Former acting Secretary of Defense Chris Miller told the House Oversight Committee Wednesday that he limited the deployment of National Guard troops at the Capitol ahead of Jan. 6 in part due to media "hysteria" about "the possibility of a military coup."
Why it matters: William Walker, commanding general of the D.C. National Guard, previously testified that a three-hour delay in approval for National Guard assistance during the Jan. 6 Capitol attack was exacerbated by "unusual" restrictions on his authorities by Pentagon leadership.
Context: Walker said that had he not been prohibited by Army leadership from using the National Guard's "Quick Reaction Force" without authorization, he would have "immediately" sent troops to the Capitol after receiving a "frantic call" from then-Capitol Police Chief Steven Sund.
What they're saying: "My concerns regarding the appropriate and limited use of the military in domestic matters were heightened by commentary in the media about the possibility of a military coup or that advisers to the president were advocating the declaration of martial law," Miller testified Wednesday.
- "I was also cognizant of the fears promulgated by many about the prior use of the military in the June 2020 response to protests near the White House and fears that the president would invoke the Insurrection Act to politicize the military in an anti-democratic manner."
- "No such thing was going to occur on my watch, but these concerns, and hysteria about them, nonetheless factored into my decisions regarding the appropriate and limited use of our Armed Forces to support civilian law enforcement during the Electoral College certification."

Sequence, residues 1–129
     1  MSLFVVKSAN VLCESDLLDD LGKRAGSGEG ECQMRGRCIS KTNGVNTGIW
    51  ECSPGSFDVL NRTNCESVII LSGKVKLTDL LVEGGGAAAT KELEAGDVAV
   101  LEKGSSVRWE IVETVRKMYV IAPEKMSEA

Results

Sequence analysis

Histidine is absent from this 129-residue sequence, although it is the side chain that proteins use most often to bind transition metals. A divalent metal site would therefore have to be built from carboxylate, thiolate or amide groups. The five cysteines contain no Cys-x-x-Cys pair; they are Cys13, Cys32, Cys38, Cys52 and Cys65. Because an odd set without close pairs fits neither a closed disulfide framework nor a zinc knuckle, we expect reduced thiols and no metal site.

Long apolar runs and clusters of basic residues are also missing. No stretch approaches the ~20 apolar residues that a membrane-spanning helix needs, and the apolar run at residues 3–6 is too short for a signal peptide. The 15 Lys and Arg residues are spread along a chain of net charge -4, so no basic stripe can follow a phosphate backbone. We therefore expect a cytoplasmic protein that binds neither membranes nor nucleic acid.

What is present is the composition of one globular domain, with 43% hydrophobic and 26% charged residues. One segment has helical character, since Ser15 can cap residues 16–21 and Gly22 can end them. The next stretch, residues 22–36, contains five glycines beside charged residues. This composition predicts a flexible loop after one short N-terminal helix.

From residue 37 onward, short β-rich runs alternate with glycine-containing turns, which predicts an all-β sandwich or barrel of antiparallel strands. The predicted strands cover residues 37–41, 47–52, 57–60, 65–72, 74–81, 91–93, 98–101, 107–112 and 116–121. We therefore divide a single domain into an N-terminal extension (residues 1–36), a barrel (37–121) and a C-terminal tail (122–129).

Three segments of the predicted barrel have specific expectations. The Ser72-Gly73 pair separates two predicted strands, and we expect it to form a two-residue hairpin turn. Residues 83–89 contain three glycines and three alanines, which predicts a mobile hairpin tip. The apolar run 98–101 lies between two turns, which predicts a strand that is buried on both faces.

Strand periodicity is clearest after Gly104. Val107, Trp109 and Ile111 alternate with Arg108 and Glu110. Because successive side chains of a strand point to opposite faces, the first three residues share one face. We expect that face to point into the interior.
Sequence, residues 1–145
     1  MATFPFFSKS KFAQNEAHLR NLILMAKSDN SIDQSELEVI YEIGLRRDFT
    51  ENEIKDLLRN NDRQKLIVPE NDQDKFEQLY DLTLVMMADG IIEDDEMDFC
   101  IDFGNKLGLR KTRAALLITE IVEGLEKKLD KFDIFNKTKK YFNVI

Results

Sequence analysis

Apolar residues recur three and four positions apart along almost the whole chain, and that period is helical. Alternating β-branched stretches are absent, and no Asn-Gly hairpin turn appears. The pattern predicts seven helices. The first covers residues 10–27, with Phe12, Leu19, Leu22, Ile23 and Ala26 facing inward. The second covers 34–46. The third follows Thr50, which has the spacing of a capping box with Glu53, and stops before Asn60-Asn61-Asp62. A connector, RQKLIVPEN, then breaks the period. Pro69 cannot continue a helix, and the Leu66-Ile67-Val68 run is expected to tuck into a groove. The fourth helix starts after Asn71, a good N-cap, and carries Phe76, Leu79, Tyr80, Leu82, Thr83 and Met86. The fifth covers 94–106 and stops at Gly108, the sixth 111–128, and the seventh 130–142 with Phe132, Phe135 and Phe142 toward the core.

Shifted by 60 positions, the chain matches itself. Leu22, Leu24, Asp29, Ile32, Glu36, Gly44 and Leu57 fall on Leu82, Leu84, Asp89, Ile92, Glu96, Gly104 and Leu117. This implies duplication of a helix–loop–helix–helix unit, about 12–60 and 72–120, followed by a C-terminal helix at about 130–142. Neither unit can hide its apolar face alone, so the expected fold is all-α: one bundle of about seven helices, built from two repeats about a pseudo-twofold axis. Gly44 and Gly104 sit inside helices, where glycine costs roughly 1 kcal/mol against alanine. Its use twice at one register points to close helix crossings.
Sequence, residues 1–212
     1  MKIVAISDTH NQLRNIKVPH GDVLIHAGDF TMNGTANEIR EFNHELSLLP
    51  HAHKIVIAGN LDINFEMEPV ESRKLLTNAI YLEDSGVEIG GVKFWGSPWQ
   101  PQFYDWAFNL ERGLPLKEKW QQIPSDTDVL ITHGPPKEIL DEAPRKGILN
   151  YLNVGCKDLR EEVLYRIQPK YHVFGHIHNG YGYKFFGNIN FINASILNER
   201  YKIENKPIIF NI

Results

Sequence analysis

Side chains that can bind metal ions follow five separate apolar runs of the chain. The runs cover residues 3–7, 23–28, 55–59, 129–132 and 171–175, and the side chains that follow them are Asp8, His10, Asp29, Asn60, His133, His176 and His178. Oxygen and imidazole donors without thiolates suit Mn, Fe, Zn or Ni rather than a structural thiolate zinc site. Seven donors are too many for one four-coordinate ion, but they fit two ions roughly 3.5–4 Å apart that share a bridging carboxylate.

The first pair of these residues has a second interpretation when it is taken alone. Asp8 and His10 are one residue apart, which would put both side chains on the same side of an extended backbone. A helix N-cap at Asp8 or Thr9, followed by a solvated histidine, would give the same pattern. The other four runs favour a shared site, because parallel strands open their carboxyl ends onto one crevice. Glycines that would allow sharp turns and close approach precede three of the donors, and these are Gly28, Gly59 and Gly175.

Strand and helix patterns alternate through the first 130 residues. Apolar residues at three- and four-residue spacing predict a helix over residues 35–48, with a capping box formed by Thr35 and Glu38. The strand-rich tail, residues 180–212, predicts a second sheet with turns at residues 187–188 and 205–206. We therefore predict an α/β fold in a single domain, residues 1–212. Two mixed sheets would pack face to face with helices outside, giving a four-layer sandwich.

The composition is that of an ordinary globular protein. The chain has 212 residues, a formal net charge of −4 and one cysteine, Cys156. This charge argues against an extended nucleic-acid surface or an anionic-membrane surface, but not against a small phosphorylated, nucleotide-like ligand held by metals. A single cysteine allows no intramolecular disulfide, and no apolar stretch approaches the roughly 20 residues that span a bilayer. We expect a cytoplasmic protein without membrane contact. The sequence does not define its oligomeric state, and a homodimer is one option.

- Miller testified that he stands "every decision" that he made that day, stressing in written remarks that U.S. troops should be deployed for domestic law enforcement "only when all civilian assets are expended and ONLY as the absolute last resort."
The big picture: Miller, who was appointed to lead the Pentagon after the firing of Mark Esper following the 2020 election, previously blamed former President Trump for encouraging the mob that attacked the Capitol with his speech preceding the deadly riot.
- He said in his opening statement that he stands by those comments, but added that he is "not in a position to make an official assessment of [Trump's] responsibility."
- Miller also said he did not speak to Trump at all during the Jan. 6 attack, telling lawmakers: "I had all the authority I needed from the president to fulfill my constitutional duties." He acknowledged that he did speak to Vice President Pence, but said that Pence is not in the chain of command and did not order him to "clear the Capitol."